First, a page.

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War Lake First Nation Moosenose Lake Dam

Approximately 70 m of the southwest shoreline of Moosenose Lake is believed to

have been formed historically as a beaver dam that has since become a permanent landscape feature.  Breaches in that portion of the shoreline in 2004 and 2010, however, resulted in significant drops in the lake water levels and necessitated repairs and reconstruction of the shoreline to form a dam, using silt, clay and rock fill materials obtained from the adjacent area. The breaches also caused flooding in the downstream channel, which does not normally receive flow from the lake. (The outflow from the lake is Butnau Creek, which flows from the northeast end of the lake.)  The downstream flooding resulted in washout at a government winter road bridge crossing. Another breach and drop in lake water levels could jeopardize the lake's fishery, recreational and cultural value, as well as the community's drinking water supply.

 

The purpose of the project is to prevent further breaches of the shoreline and loss of water from the lake. It will entail construction of a 140-m long rockfill dam parallel to and immediately inland from the existing dam.  The new dam and work area will occupy an area between the existing dam and the re-routed winter road. The project work area has undergone recent disturbance associated with the previous dam repairs and construction and maintenance of the winter road. Therefore, habitat disturbance and clearing requirements will be minimal.  The new dam will be constructed as a stand-alone structure (inland and independent of the existing shoreline dam) to avoid disturbance to aquatic habitat and the existing dam. It will have riprap on the northern face (facing the lake and existing dam), to prevent erosion of the new structure should it become exposed to the lake in the future. The confined area between the new dam and the existing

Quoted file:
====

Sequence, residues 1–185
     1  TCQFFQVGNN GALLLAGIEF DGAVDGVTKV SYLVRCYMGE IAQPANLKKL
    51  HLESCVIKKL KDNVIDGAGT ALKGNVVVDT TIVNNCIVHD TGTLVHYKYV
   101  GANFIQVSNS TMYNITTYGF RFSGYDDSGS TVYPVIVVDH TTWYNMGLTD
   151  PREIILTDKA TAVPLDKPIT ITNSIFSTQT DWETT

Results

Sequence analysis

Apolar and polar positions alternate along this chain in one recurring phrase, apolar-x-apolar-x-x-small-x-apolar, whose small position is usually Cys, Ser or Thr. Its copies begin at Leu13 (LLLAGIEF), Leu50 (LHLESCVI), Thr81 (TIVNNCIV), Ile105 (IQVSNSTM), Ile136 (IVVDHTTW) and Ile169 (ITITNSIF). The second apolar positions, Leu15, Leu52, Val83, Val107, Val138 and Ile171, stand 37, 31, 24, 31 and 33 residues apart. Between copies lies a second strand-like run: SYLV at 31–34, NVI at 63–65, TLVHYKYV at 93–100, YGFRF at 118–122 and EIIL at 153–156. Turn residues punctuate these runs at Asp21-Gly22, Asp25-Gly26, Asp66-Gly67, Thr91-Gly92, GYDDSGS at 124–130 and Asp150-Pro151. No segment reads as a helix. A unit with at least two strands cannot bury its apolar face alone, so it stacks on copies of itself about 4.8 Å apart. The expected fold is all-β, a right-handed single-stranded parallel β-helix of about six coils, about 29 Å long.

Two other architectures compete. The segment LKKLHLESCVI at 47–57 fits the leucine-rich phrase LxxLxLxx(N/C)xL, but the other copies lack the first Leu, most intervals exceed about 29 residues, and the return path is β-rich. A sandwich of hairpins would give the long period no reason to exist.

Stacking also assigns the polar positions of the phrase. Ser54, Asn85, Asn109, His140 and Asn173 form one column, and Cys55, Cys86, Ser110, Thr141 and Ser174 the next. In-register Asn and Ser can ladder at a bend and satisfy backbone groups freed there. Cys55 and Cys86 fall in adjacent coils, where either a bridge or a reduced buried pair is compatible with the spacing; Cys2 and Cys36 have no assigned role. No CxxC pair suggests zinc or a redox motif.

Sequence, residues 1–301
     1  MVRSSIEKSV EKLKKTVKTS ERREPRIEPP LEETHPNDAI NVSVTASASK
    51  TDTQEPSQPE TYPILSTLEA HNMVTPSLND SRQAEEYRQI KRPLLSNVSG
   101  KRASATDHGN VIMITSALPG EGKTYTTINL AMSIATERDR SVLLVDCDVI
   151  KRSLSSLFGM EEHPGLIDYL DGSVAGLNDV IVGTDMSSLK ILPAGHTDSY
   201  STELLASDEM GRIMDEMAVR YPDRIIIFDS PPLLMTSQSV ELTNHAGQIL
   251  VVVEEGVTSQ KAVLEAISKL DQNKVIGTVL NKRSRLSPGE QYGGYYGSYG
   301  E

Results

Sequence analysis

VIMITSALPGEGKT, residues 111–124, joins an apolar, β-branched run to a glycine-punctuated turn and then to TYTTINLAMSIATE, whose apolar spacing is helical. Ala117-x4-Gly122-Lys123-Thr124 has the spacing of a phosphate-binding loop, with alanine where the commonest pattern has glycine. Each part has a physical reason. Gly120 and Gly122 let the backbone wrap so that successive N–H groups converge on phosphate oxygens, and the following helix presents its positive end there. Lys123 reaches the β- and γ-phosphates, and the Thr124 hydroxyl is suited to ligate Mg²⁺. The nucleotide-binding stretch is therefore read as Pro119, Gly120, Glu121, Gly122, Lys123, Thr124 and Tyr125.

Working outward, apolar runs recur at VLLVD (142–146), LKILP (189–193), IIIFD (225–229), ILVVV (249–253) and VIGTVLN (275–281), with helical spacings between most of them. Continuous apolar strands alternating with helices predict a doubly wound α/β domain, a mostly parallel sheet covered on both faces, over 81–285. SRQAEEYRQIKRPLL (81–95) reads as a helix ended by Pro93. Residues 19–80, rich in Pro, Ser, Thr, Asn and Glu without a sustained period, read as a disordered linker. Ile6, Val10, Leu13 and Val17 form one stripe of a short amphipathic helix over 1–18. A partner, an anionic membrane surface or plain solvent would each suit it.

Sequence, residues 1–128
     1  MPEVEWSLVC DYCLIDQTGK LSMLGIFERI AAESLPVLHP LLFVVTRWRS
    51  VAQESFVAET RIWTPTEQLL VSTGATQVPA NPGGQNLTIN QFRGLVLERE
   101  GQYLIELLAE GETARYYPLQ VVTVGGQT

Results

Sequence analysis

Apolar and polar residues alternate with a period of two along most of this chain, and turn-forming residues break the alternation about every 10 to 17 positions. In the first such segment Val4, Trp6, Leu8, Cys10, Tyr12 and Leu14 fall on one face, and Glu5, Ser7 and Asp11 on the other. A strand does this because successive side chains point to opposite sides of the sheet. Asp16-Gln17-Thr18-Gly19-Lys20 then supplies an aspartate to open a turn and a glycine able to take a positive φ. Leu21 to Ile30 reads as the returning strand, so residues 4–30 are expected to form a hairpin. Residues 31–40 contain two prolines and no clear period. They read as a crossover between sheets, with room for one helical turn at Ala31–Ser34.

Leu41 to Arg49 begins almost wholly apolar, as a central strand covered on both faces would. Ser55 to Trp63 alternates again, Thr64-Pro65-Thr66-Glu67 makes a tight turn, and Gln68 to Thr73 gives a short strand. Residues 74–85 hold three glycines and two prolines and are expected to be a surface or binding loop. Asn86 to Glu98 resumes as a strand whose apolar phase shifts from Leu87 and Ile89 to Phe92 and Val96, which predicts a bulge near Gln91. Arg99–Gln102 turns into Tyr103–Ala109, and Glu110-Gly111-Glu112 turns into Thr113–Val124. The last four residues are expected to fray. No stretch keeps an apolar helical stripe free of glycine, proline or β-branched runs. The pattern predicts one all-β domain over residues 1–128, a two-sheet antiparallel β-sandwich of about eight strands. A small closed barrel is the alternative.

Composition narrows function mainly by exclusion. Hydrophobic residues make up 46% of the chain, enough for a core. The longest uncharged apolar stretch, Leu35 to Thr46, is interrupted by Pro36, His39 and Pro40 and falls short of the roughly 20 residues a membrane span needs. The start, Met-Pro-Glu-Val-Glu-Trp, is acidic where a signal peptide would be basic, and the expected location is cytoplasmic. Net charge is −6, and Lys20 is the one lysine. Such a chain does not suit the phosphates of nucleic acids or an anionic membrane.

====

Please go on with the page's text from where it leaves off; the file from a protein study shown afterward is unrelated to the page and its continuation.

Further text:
dam is expected to fill with water post-construction and may become a new wetland habitat.


Disclaimer

This map is for illustrative purposes. The markers represent the approximate locations based on available data. More than one marker may be identified for a given project.

 

Latest update

End of Public Comment Period

26 February 2020 – The public comment period on the project is closed. Indigenous Services Canada is considering comments received to help inform its determination on whether the carrying out of the project is likely to cause significant adverse environmental effects. .

Contacts

  • Indigenous Services Canada
  • 365 Hargrave Street
  • Winnipeg, MB, R3B 3A3
  • Telephone: 204-984-0709
  • Email: shelly.johnson@canada.ca

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